Battle-hardened MSPs fear second lockdown
- 17 June, 2020 06:17
The vast majority of managed service providers (MSPs) are concerned about the financial impact of a second lockdown, as the economic realities of Covid-19 continue to cripple the ecosystem.
Despite signs of encouragement across Asia Pacific - kick-started by the easing of restrictions in New Zealand and then Australia, followed be a gradual reopening in Singapore and Malaysia among other nations - 74 per cent of partners fear a return to quarantine will severely hamper recovery efforts.
According to new IT Glue findings, customer churn also ranks as a leading challenge for MSPs (36 per cent), with more than a quarter (29 per cent) experiencing an accounts receivable increase as a result of Covid-19 - indicating that end-users are failing to meet contractual deadlines to pay for services. Such market dynamics resulted in half (51 per cent) of MSPs reporting monthly revenue decreases as a result of the shutdown.
“The pandemic has created an unprecedented landscape for all businesses,” observed Nadir Merchant, general manager of IT Glue.
The two-part survey from IT Glue - acquired by Kaseya in December 2018 - highlights the pre- and post-pandemic sentiment of more than 1500 MSPs across the market, with priorities changing after the first two months of lockdowns being initiated globally earlier this year.
During the February survey prior to the pandemic, top concerns for MSPs centred around a lack of adequate time to complete work (54 per cent) and an inability to find strong technical employees (53 per cent), followed by changing technologies (32 per cent) and a lack of information sharing (27 per cent).
However, less than 20 per cent of respondents in the May follow-up survey marked these as top concerns following the start of the pandemic, instead focusing on cyber security threats, customer churn, price pressure and a second lockdown. Concern for cyber security reported the greatest change, jumping from 27 per cent to more than 50 per cent, likely fuelled by an "unparalleled increase" in cyber attacks during the pandemic.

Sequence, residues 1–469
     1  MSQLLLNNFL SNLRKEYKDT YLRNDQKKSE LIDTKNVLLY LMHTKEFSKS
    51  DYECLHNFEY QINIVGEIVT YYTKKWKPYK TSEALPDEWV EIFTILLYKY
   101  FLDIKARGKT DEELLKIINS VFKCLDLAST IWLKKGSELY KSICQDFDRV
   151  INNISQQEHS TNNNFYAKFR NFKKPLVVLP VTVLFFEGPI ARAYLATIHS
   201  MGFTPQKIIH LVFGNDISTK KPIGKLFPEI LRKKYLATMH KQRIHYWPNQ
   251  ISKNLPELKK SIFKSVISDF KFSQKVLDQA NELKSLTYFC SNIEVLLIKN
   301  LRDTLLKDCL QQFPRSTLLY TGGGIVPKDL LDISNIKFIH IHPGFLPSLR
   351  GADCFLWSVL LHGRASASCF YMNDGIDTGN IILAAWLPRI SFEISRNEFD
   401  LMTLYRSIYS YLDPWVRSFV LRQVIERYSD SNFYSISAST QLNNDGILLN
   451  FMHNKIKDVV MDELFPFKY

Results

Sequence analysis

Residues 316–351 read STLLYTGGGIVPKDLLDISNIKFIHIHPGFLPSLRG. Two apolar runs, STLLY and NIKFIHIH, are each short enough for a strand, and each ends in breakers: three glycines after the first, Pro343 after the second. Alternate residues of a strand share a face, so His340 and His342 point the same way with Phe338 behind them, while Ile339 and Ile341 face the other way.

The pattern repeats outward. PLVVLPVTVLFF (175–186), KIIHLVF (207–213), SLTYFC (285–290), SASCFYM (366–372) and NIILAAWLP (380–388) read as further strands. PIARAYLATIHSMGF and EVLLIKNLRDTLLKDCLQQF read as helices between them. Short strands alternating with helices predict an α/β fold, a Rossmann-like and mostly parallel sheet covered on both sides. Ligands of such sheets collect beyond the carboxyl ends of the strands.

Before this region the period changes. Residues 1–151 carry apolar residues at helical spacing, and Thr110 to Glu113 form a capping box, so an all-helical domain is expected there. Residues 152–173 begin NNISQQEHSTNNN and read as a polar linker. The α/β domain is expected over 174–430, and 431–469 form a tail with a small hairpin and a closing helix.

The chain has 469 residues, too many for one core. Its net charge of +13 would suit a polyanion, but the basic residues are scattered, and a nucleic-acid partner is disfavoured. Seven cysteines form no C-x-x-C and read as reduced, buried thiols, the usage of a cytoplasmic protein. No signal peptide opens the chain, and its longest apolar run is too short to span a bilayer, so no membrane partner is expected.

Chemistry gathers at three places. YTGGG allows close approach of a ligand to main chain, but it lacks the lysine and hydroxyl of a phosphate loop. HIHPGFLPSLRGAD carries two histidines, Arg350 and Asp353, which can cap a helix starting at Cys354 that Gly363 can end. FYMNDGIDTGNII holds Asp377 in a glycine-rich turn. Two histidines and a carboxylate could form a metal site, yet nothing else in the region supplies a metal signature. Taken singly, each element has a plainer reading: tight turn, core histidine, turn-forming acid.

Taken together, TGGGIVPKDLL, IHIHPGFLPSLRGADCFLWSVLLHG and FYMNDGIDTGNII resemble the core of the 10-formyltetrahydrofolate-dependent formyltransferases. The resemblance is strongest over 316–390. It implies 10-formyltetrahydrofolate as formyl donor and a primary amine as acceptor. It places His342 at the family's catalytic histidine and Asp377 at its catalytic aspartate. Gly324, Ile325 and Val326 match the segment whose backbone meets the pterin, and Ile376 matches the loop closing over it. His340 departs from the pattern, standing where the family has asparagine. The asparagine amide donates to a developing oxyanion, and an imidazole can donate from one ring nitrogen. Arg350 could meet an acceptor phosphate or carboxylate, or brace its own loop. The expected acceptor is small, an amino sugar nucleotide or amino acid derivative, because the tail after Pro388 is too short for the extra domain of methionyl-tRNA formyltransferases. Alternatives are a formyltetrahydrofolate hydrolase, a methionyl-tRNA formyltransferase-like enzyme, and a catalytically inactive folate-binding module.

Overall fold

“While no business is fully recession-proof, MSPs are uniquely positioned to drive value to customers and thrive during economic downturns,” Merchant added. “This year’s survey shows that the shift in priorities to a now greater concern for cybersecurity, compliance and customer retention means MSPs have an opportunity to serve as a guide to their small business customers.
“They are the epicentre for delivering critical IT services that not only help to maintain the viability of many companies during times of uncertainty and volatility, but will enable businesses to emerge stronger from these trying times.”
Meanwhile, and although MSP interest in mergers and acquisitions (M&A) had already been declining before 2020, Merchant said the pandemic marked the "most profound shift" in M&A sentiment in recent years.
In the February survey prior to the pandemic, more than half (52 per cent) of MSPs indicated they were at least "somewhat interested" in acquiring or merging with another MSP, down from 62 per cent in 2018. Fast forward to May and only 37 per cent are now considering M&A activity following the move to remote work under quarantine.
"Though M&As are likely to slow down as a result of the pandemic, market consolidation will continue – however, the pace of which remains to be seen," Merchant outlined.